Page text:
As shown in Table  6, the high RIG group (most efficient) had both the lowest (P < 0.001) feed intake (18.86 vs. 19.57 vs. 20.41 kg) and highest (P < 0.001) body weight gain (7.41 vs. 7.03 vs. 6.43 kg). Once again, 16-week body weight was lower (P < 0.001) in the high group vs. the other two RIG groups. The high RIG group also ranked best (P < 0.001) for FCR, RG, RFI, RIG2 and RIG3, while MMW showed no significant difference (P > 0.05) between the RIG groups.

Results of the phenotypic analysis of differences in feed efficiency between birds grouped based on their rank for RFI, RG, FCR, and the three RIG traits are in Table  7. Daily feed intake of the top 1% and 5% of birds was lowest when birds were ranked on RFI (0.51 and 0.60 kg), followed by RIG3 (0.55 and 0.63 kg), and was highest in the RG group (0.60 and 0.67 kg). Average daily gain was lowest at both 1% and 5% levels when ranked on RFI (0.24 kg) and highest at the 1% level when birds were ranked on RG and FCR (0.30 kg). The time required to achieve a 5 kg body weight gain for the top 1% and 5% birds was shortest (17 days) for RG, RIG2 and FCR. The feed intake to achieve a 5 kg body weight gain was lowest for the top 1% and 5% birds when ranked on FCR (9.73 and 11.04 kg). Between the residual feed efficiency traits, the top birds ranked based on RIG2 had the lowest feed intake to achieve a 5 kg body weight gain, i.e. 9.95 kg at the 1% level and 11.39 kg at the 5% level. The top birds ranked based on RFI, RG and RIG required 10.87, 10.03 and 10.07 kg, respectively, to achieve a 5 kg body weight gain at the 1% level, and 12.52, 11.48 and 11.49 kg at the 5% level.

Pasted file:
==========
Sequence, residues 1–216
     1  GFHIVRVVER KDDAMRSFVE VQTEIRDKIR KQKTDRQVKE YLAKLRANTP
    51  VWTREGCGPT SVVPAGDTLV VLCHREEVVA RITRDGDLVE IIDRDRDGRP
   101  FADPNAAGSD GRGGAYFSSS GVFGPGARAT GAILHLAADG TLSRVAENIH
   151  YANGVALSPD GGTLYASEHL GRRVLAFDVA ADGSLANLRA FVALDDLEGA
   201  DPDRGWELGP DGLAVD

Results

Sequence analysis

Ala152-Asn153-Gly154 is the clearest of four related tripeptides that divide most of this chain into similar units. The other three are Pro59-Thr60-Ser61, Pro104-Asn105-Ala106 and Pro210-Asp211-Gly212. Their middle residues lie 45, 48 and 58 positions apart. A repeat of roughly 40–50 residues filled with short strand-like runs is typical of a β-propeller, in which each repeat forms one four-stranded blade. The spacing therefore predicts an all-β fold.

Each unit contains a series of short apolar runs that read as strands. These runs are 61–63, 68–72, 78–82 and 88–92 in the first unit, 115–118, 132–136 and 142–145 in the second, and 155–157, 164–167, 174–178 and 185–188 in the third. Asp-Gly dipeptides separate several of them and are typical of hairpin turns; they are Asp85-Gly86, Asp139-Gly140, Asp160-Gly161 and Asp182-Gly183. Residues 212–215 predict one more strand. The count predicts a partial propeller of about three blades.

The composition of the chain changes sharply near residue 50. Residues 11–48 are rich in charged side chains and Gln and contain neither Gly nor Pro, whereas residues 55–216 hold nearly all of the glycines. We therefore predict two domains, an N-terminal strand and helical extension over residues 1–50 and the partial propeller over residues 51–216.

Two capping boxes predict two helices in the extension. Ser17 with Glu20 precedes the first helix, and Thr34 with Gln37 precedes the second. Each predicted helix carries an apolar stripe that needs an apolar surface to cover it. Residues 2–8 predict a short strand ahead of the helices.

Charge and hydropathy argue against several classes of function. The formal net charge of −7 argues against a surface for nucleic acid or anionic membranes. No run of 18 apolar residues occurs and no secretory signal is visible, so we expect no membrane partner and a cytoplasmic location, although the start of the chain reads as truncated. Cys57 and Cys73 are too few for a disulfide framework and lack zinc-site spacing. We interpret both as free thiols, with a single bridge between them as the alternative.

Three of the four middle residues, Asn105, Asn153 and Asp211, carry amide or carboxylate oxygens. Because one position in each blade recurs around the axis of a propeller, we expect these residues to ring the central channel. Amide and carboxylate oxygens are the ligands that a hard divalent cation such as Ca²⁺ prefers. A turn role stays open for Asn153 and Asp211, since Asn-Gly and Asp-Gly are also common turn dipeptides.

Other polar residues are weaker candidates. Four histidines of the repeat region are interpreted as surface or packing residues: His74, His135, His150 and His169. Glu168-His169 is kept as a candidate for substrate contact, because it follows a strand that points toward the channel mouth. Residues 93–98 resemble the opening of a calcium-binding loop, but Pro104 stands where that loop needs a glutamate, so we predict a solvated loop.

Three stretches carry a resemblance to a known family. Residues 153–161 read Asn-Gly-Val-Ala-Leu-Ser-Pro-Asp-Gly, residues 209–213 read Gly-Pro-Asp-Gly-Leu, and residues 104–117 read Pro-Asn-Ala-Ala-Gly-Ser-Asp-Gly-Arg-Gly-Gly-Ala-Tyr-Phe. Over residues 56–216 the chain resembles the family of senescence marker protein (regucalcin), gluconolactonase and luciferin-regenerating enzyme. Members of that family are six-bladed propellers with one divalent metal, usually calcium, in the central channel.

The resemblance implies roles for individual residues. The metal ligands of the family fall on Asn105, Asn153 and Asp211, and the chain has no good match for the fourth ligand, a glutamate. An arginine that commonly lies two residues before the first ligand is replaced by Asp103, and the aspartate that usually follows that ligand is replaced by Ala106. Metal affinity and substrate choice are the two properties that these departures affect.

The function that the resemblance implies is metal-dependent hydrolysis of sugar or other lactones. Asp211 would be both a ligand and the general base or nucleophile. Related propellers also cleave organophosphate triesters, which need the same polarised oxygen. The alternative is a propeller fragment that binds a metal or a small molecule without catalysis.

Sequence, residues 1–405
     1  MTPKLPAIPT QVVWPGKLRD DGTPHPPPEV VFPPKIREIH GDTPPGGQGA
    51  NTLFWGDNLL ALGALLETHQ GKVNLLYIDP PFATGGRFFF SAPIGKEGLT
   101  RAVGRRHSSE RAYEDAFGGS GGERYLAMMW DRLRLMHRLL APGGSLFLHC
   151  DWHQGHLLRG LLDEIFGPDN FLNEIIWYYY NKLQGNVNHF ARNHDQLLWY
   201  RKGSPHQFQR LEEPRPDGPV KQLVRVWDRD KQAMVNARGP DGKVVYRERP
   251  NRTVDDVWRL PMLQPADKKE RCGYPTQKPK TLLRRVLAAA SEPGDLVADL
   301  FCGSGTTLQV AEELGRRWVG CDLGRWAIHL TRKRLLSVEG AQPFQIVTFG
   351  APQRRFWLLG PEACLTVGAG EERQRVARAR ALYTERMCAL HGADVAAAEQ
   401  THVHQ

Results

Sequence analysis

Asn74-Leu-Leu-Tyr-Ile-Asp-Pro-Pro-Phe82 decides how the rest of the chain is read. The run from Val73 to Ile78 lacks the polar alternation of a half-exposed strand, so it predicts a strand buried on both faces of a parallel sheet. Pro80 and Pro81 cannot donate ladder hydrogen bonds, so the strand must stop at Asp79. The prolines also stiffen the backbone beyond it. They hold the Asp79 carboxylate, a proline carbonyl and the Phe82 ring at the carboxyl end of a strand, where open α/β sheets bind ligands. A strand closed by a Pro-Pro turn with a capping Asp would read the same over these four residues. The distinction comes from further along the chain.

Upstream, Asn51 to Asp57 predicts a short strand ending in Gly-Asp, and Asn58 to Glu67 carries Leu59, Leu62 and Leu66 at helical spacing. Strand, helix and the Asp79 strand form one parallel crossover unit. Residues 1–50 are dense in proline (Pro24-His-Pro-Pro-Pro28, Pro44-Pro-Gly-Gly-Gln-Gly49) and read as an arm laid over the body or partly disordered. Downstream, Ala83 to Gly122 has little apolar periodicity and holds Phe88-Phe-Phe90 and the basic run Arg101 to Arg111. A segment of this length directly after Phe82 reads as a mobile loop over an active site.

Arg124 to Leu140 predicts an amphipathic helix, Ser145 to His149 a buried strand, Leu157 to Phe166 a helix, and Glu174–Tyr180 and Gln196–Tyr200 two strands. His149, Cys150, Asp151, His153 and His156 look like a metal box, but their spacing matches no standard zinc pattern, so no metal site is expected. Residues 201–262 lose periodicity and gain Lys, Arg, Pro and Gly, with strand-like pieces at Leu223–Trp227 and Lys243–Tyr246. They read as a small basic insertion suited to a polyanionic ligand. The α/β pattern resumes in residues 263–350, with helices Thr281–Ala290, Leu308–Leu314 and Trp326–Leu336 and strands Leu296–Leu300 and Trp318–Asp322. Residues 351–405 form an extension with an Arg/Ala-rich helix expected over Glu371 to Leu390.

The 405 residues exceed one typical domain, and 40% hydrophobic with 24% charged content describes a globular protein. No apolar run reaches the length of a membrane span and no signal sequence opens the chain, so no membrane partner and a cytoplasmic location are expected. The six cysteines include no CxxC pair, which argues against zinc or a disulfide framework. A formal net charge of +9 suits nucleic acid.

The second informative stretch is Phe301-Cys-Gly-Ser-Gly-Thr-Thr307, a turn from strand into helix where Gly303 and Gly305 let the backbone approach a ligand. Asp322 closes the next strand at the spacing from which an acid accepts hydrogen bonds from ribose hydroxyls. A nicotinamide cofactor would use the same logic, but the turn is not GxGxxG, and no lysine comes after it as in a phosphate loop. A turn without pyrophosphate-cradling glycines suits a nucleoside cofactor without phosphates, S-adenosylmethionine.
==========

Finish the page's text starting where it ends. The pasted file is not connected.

Table 7. Daily feed intake (DFI), average daily gain (ADG), days to achieve 5 kg body weight gain (WG) and feed intake to achieve 5 kg body weight gain for the top 1% and 5% of 8340 tom turkeys ranked on different feed efficiency traits

Discussion

Estimated heritabilities for starting body weight were comparable to previous estimates in turkeys [7,11]. Similarly, estimated heritabilities for RFI, feed intake and body weight gain were also close to prior estimates in turkeys and comparable to results reported for broilers [7,12,13]. However, the heritability of RFI was lower than estimated by Aggrey et al. [14] and that of FCR (0.05) was also notably lower than previous estimates in turkeys [7]. These lower heritabilities may be due to the inclusion of all data points in this study, thereby increasing the phenotypic variance for each trait. As expected, heritabilities of all three RIG traits were similar to those estimated for the component traits (RFI and RG), since they are linear combinations of the latter. This similarity in heritabilities between RFI, RG and RIG was also previously reported in beef cattle [8,9].

The negative genetic correlation between FCR and body weight gain (−0.64) has also been observed for other meat-type poultry [12,13,15,16] and is most likely due to the inverse relationship between FCR and its component trait, i.e. body weight gain. The phenotypic and genetic correlations between FCR and RFI were lower (0.15 and 0.36) than previous estimates in turkeys and broilers [7,13,14], which is again likely due to the phenotypic variability found in FCR for the data (standard deviation of 0.96). The phenotypic correlations of zero between MMW and the residual feed efficiency traits (RFI, RG, RIG, RIG2, RIG3) were due to the inclusion of MMW in the regression model used to calculate each of these traits. For the same reason, RFI had a zero phenotypic correlation with feed intake and RG a zero correlation with body weight gain. Due to confounding factors of the RIG traits (RIG, RIG2, and RIG3) being linear combinations of RFI and RG, the phenotypic and genetic correlations of RIG were strong with both RFI and RG, and were not estimable for RIG2 and RIG3 with RFI and RG.